Or-Tal's Writings

entrepreneur/mother/education revolutionist/high tech addict



Mom is a Rock

Yea, mom is a rock. Mom can be a rock star too. She’s the coolest, and she’s always there. For the kids, that is, and the hubby, and oh, my god, for the dog too.

But what about mom for mom??

There’s a beautiful poem, written in Hebrew, by one of the most gifted poets I’ve read, Dahlia Ravikovitch. It’s called “Pride”, and here’s my attempt at translating this fantastic poem:

Even rocks break, I am telling you

And not for old age.

Many years they lie on their backs in the heat and the cold,

So many years,

It almost makes an impression of peaceful.

They do not move from their spot and so the cracks are hidden.
Sort of pride.

Many years pass with expectation.

The one destined to break them has not yet arrived.

And then the moss flourishes, the seaweed excite, and the sea emerges and returns.

And it seems like there’s no movement.

Until a small seal will come to brush against the rocks

Will come and will go.

And suddenly the rock is wounded.

I told you, when rocks break it happens by surprise.

Not to mention people.

I think ever since the first time I read it, as a high school student, it has been one of my favorite poems. I always felt like there are so many places to take this poem to, and so much to learn from it. And yet today, at a surprising halt, I discovered that I have learned nothing. And I feel doomed to repeat mistakes and sink deeper into this whirl of endless chase after a real peaceful day. And the only thing masking my cracks, is my pride.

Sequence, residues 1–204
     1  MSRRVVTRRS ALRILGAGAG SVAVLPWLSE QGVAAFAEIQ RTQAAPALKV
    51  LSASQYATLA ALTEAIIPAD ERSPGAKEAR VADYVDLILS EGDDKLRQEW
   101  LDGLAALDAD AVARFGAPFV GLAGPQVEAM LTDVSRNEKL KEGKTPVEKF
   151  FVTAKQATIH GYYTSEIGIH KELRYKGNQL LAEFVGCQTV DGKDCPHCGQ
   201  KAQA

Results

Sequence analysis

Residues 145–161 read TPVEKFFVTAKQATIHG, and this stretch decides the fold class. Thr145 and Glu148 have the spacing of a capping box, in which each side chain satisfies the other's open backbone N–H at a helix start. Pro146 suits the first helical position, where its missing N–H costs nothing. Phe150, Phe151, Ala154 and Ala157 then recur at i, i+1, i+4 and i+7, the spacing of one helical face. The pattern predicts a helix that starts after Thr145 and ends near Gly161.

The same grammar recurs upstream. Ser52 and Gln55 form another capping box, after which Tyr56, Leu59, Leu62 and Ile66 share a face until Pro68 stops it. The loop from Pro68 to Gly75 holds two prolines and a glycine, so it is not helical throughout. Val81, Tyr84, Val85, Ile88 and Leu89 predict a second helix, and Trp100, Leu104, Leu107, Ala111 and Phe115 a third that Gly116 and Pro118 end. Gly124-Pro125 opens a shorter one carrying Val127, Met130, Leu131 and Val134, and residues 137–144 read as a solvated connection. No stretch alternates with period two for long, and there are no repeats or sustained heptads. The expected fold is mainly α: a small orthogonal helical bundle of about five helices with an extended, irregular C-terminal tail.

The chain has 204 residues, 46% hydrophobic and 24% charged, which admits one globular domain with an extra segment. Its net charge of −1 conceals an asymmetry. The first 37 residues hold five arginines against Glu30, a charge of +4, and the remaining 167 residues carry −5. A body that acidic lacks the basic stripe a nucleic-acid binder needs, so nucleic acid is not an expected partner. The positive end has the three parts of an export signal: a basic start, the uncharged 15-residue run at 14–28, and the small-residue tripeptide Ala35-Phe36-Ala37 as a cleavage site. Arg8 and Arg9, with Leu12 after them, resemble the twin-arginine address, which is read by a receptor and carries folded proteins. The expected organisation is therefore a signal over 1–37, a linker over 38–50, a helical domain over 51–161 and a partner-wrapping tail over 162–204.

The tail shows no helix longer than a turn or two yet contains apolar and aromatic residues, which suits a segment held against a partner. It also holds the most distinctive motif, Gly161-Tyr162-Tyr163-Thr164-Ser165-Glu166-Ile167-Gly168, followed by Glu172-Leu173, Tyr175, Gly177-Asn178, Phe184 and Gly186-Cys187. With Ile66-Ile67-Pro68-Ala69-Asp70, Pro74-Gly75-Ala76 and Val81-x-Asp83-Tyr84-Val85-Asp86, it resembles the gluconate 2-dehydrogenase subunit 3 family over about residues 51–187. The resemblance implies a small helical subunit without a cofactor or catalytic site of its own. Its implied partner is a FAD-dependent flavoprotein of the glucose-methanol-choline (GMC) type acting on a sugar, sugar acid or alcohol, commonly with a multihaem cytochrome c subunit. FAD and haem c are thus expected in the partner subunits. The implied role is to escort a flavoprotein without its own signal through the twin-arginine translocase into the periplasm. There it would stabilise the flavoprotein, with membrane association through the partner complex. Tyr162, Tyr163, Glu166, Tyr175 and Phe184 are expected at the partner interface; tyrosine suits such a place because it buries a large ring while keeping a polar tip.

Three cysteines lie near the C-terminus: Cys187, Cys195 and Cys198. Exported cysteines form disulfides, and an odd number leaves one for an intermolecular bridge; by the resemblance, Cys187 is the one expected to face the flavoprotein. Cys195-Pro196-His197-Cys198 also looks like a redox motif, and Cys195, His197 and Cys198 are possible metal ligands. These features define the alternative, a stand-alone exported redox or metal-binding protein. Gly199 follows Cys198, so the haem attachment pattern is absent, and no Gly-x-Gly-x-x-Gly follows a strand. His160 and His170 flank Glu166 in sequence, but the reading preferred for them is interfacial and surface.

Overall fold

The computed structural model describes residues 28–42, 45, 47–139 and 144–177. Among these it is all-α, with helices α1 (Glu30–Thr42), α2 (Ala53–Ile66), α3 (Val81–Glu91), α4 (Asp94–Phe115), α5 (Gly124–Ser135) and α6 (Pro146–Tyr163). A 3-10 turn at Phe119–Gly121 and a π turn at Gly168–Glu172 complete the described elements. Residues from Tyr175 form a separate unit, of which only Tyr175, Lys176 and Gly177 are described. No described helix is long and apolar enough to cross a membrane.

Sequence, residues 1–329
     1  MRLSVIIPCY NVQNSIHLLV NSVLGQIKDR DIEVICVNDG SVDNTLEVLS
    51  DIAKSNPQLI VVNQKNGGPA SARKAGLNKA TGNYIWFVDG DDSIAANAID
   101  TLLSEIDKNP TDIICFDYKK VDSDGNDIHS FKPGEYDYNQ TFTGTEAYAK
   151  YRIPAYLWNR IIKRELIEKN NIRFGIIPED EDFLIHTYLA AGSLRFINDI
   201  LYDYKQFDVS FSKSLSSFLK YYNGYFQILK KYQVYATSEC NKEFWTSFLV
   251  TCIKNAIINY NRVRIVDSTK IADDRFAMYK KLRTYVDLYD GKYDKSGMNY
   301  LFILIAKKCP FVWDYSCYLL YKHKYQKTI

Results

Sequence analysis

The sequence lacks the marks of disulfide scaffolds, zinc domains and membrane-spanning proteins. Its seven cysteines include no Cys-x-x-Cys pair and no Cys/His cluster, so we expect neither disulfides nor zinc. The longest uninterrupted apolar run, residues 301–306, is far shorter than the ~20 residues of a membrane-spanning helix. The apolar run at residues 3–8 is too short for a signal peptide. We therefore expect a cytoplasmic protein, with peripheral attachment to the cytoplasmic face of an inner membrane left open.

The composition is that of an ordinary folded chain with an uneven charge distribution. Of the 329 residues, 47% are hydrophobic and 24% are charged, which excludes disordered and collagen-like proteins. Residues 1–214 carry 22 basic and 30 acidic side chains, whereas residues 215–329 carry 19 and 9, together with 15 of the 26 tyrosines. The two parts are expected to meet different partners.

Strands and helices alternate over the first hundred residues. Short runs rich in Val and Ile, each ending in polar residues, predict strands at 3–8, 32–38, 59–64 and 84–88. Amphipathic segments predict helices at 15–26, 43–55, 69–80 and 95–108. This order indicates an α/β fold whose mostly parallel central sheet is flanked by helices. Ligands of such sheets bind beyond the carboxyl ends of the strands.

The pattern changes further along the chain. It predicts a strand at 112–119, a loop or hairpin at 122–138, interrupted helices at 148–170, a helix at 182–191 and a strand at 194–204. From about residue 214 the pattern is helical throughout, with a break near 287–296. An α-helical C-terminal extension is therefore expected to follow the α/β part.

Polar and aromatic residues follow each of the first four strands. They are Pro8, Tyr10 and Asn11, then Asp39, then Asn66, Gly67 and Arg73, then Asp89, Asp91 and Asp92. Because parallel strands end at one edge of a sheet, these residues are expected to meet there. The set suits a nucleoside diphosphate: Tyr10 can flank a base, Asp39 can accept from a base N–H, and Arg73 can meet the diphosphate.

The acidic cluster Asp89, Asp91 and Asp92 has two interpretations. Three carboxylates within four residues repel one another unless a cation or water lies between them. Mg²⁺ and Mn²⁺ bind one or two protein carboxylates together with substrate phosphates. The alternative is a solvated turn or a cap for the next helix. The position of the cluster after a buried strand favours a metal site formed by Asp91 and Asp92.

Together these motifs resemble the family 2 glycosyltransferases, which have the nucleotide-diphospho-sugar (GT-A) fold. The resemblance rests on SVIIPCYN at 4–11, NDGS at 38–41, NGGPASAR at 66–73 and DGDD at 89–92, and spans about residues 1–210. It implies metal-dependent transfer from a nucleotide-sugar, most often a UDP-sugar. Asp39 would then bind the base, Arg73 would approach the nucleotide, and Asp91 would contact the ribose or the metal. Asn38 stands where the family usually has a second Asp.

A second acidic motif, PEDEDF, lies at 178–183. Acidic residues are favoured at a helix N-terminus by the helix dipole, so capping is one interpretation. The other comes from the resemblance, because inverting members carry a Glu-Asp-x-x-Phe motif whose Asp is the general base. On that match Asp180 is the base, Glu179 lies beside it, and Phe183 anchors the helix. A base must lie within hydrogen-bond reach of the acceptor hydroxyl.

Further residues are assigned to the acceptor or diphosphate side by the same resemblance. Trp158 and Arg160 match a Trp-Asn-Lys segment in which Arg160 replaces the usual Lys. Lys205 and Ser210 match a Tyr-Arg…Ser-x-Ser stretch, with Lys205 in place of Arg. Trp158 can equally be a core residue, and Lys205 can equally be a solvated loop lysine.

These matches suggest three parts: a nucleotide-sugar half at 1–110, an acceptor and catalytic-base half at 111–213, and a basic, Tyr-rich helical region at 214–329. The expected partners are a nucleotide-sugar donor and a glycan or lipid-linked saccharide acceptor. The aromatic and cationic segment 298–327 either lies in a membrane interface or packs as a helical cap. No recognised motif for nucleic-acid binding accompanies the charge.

If only there were 34 hours a day…

In less then 30 minutes I will be out the door again, on my way to the violin lesson with my 7.5 year old son. It’s raining outside, and windy, and cold. I would rather stay at home. But to be perfectly honest – the weather is not the reason. The reason is that I have so little time to work.

I feel like running against the wind. Got so many errands and driving assignments there’s barely no time left for continuous undisturbed work. With no other choices I find myself trying to catch up at night, sometimes staying up until 1AM. These are good quiet hours that allow me to read huge amounts of material. But these are slow hours for writing and really not the time for conversations at all.

I have to admit that being a mother AND an entrepreneur is, let’s put it delicately, challenging. I want to be there for my kids, I want to take a part in their lives, I want to play with them, read with them… I also want to live my own life and find time to do some sports, to meet with friends, watch TV. Taking on entrepreneurship is what changes it to super-juggling. Entrepreneurship requires more hours then a day has to offer. I’m in a serious deficit.

Is this why there aren’t so many mother-entrepreneurs?

Yet, I am not ready to give any of it up. To make things even worse – I think I have discovered my calling over the last several months. I feel so passionately about education I just know I have to get involved and start doing things. Well… I actually started to. More news would follow.

Happy Birthday, Shaii!

Been inspired to write something a little more personal today. It’s a special day today. It’s my oldest daughter’s 15th birthday. It’s on this day, 15 years ago, that I became a mom, and my husband became a dad, and together we officially became a family, family with child.